Sunday, December 9, 2007

Muslims target Christians in Gaza

Khaled Abu Toameh , THE JERUSALEM POST    Dec. 8, 2007

Muslim gunmen in the Gaza Strip tried to kill another Palestinian Christian over the weekend, sources in Gaza City told The Jerusalem Post.

They said four masked gunmen tried to kidnap Nabil Fuad Ayad,
who works as a guard at a local church. Nabil's cousin, Rami,
was kidnapped and murdered two months ago by the same group, the
sources said.

The sources identified the gunmen as members of the radical
Islamic Salafi movement.

"They were dressed in the traditional Salafi clothes," said an
eyewitness. "They were also carrying guns."

The gunmen tried to force Ayad into their car as he was walking
in the street, but he managed to escape to a nearby shop. Shopkeepers who began shouting drove the gunmen away.

As they fled the scene, the assailants fired several shots into
the air.

Salafism represents a Sunni Islamic school of thought whose
followers argue that Islam was perfect and complete during the days of Prophet Muhammad, but that undesirable innovations have been added due to materialist and cultural influences.

The Salafis, who have become very active in the Gaza Strip in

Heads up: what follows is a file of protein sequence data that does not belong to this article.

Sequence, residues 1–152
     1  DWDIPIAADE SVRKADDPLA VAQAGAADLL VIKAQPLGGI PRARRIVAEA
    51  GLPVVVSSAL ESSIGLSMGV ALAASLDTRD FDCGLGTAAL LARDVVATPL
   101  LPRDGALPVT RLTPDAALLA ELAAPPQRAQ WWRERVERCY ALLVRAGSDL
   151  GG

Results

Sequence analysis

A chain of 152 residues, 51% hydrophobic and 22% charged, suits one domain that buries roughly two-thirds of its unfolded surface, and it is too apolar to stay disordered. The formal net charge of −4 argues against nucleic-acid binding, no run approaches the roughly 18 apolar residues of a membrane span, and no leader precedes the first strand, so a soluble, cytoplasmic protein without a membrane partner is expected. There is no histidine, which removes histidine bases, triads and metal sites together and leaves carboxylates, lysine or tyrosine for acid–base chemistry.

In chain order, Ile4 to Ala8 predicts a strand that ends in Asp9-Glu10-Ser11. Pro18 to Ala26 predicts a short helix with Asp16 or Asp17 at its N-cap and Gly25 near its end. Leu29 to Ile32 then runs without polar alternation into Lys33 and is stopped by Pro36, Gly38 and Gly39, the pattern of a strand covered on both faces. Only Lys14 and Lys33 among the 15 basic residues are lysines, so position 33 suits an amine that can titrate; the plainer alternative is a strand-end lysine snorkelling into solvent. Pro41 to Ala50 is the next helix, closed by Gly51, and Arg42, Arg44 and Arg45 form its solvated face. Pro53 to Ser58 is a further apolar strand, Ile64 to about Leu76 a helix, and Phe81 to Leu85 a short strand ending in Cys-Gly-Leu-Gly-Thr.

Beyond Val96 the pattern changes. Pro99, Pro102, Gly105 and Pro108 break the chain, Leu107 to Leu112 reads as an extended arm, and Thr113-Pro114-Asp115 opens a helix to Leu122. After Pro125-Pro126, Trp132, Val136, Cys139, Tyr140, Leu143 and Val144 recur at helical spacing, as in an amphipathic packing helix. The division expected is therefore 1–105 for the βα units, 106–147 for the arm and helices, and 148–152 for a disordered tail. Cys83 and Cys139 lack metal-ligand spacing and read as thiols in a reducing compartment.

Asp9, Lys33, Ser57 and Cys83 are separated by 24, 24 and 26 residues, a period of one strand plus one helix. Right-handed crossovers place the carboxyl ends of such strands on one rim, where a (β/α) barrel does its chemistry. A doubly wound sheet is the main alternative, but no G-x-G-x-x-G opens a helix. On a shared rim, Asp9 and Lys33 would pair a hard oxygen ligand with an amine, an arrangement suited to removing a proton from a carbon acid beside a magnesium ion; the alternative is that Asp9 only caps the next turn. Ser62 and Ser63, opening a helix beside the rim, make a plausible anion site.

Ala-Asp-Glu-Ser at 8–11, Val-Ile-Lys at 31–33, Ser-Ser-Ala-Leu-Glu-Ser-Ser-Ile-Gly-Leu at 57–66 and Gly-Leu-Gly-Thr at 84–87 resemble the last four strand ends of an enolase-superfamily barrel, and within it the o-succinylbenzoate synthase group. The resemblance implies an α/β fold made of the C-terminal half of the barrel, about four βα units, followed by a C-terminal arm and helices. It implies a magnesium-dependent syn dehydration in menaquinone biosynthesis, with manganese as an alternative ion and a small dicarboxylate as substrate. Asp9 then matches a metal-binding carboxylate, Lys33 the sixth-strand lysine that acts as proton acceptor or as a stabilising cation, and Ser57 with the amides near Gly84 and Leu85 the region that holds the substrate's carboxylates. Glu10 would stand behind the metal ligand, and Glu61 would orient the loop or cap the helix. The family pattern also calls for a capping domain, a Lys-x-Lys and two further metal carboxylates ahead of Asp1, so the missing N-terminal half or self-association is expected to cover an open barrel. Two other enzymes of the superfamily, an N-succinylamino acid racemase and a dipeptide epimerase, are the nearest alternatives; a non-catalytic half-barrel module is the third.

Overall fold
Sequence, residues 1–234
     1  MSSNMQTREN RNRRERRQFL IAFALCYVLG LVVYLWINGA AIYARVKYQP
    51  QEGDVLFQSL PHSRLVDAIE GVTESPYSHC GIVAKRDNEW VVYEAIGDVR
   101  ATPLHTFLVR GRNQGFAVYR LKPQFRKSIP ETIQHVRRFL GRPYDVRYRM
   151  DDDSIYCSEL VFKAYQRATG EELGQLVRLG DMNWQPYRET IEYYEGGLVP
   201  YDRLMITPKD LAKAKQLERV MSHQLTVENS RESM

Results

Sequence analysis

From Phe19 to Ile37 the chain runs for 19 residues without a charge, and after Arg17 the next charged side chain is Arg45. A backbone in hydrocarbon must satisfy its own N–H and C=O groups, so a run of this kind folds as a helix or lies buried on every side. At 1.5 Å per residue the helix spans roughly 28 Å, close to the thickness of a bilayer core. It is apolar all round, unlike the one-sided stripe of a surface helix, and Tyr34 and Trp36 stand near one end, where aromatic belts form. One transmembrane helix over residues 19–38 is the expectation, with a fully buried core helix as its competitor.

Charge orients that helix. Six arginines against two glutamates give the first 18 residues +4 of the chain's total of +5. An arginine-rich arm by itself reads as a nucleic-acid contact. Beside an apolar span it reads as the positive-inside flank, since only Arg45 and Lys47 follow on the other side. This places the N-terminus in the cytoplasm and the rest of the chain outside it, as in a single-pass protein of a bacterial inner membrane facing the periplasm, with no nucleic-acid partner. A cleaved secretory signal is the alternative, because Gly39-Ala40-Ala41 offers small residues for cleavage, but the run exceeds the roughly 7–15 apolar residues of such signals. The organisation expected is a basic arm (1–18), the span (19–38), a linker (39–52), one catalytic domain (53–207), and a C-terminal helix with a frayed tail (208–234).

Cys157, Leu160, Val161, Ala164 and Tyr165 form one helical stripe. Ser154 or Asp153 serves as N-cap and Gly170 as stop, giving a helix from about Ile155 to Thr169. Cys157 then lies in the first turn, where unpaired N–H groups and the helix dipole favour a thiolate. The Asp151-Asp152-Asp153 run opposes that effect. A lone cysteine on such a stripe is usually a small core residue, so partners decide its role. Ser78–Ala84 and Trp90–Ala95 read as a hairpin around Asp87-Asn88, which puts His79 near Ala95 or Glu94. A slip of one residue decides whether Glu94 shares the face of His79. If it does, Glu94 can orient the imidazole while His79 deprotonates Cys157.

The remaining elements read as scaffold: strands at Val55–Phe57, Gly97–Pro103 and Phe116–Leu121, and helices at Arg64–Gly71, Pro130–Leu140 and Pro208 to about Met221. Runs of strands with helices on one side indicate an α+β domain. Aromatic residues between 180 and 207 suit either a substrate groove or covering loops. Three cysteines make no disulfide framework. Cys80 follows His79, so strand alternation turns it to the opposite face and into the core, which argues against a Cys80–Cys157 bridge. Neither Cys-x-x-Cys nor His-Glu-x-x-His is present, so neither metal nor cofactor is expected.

recent months, are totally opposed to common Western concepts like economics, constitutions and political parties. They refer to the 2,500 Christians in the Gaza Strip as Crusaders and have vowed to drive them out of the area.

Hamas denied any involvement in the attack, saying its security
forces had launched an investigation after receiving a complaint from the victim.

Christians living in the Gaza Strip told the Post that they were
very worried about the increased attacks on members of their community and religious institutions. "The latest incident is aimed at sending a message to all the Christians here that we must leave," said a Christian leader. "Radical Islamic groups are waging a campaign to get rid of us and no one seems to care."
Thomas Braun, Lima, Peru.



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